Dance Games and Other Exergames:
What the Research Says

Debra A. Lieberman, April, 2006

University of California, Santa Barbara
http://www.comm.ucsb.edu/lieberman_flash.htm

 

Video game playing used to be a sedentary pastime, but now a growing number of games are compelling us to get up and move. These games – sometimes called “exergames” or “exertainment” – involve the player in dance, aerobics, kick-boxing, sports moves, martial arts, virtual window washing, or other forms of physical activity and exertion as the way to interact within the game.

Exergaming is popular in the US and research is finding that it can improve players’ stress levels, weight management, fitness, and health. Some play exergames to get a good workout, and others play mainly for entertainment and social interaction but they enjoy the health benefits as an added bonus. There are players who were not very active in the past and have found that playing exergames is a manageable and acceptable way to get regular exercise. Following are some key research findings about uses and effects of exergames.


Exergames are fun and engaging

The most researched exergames are dance video games, such as Dance Dance Revolution (DDR), by Konami, and In the Groove, by RedOctane, which have sold millions of console copies in the US and are also popular in video game arcades. Dance video game players span a wide demographic range, across age, gender, weight level, and fitness level. The interface to these games is a dance pad on the floor, so that lower body movement and coordinated footwork are the skills needed to win the game. A few games also incorporate upper body movements, where players must touch the dance pad with their hands as well as with their feet. In other games that require only footwork, players sometimes decide to use their hands on the dance pad when they want to get creative or change the level of challenge.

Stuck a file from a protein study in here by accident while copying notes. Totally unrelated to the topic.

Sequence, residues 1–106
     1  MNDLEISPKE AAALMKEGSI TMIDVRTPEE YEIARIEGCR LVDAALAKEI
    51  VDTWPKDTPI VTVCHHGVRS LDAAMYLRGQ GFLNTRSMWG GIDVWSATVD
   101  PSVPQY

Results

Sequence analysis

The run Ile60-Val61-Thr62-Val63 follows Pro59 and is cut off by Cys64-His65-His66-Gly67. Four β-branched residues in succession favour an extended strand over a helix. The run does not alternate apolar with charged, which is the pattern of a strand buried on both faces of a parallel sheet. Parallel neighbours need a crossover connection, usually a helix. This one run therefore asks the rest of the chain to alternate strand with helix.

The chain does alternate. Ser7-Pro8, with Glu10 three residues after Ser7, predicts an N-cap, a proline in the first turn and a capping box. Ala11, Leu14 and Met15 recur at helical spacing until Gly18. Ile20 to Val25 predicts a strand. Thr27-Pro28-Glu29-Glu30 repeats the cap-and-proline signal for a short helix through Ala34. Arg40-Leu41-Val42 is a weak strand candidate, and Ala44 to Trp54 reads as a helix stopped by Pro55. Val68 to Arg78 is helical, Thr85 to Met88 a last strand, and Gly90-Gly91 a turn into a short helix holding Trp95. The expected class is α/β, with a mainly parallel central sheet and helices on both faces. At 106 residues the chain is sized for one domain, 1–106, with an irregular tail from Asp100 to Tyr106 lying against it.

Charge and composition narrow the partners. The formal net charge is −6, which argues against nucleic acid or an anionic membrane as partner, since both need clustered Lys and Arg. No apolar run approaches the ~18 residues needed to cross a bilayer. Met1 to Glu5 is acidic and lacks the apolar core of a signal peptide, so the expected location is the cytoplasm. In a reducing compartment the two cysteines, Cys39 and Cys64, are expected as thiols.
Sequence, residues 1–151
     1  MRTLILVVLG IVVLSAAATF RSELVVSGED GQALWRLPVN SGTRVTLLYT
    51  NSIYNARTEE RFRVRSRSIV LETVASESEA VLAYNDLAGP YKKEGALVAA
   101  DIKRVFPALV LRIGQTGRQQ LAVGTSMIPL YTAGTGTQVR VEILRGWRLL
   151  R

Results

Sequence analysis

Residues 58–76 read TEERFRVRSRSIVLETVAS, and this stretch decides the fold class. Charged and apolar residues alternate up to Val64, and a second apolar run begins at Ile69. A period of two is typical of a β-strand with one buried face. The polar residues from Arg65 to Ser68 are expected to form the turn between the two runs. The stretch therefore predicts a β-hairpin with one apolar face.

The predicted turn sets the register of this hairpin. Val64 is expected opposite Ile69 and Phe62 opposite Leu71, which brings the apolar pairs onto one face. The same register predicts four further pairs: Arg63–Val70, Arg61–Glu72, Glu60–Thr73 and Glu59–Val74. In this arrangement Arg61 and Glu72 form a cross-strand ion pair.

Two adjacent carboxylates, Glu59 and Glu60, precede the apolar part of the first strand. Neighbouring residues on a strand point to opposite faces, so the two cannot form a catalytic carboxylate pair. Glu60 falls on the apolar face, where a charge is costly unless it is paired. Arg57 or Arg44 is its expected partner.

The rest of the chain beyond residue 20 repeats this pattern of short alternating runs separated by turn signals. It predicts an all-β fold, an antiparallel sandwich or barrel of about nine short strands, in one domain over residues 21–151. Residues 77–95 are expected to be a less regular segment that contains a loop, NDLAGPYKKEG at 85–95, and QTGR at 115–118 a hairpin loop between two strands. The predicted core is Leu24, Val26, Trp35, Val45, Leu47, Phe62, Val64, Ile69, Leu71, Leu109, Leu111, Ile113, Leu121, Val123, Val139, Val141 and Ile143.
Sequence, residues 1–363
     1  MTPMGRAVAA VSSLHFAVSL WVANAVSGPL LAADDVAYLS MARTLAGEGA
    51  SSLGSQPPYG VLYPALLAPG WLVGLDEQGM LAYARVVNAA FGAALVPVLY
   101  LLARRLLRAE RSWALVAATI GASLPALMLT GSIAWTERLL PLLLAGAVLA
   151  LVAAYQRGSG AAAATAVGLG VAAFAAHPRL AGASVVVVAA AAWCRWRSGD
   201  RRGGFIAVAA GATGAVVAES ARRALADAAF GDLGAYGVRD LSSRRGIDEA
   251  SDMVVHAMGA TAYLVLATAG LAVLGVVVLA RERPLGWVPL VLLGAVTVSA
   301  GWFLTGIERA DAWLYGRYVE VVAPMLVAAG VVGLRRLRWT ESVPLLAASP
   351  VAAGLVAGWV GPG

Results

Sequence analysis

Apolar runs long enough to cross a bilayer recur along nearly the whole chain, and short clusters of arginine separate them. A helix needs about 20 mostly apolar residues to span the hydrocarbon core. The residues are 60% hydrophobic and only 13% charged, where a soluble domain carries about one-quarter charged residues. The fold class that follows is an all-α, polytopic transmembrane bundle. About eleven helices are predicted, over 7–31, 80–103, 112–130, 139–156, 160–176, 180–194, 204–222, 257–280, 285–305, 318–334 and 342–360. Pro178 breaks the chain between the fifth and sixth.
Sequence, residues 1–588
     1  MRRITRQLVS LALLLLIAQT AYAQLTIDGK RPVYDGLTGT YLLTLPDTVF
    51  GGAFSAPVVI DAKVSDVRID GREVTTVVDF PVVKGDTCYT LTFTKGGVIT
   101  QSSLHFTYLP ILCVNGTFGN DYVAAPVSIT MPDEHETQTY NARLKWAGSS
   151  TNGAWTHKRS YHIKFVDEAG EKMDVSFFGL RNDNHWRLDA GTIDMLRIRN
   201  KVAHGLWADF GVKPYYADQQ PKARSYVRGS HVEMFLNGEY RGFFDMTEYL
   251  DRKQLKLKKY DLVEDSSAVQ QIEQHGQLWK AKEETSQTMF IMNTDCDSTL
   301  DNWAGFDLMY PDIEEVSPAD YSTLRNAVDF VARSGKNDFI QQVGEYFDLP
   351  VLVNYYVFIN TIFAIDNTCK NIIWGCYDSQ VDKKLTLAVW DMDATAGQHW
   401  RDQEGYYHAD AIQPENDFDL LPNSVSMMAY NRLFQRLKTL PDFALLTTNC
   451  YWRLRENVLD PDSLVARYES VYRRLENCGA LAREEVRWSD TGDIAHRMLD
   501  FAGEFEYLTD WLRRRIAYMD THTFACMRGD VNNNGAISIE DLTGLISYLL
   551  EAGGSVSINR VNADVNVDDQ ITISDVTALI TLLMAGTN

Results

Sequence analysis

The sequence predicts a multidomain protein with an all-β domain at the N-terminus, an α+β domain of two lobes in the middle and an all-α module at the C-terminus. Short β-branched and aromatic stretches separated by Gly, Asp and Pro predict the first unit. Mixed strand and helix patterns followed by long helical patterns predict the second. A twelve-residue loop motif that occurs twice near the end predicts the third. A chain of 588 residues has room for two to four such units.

DDR and In the Groove can both be played in arcades, on video game consoles, and on home computers with single player and two-player options, and there are online multiplayer versions. Online forums, chat rooms, and fan web sites, and online and face-to-face tournaments, provide venues where players can meet, play together, compete, give dance performances, and show off their knowledge and skills. Both dance game series offer a workout mode (or fitness mode) that shows players how many calories they have burned based on their weight, the time spent playing, and the exertion required for each song.

A study of young adults who play DDR, ages 18 to 27, found that they played for the following reasons, in descending order of importance to them, on average: to have fun, play with other people, work out, dance, meet other people who play DDR, enjoy the challenge of the game, and be admired by others for their skill (Lieberman, in preparation). Study participants who said they played DDR to stay fit reported the highest enjoyment of the game, compared to other players, and they developed more friendships with other DDR players.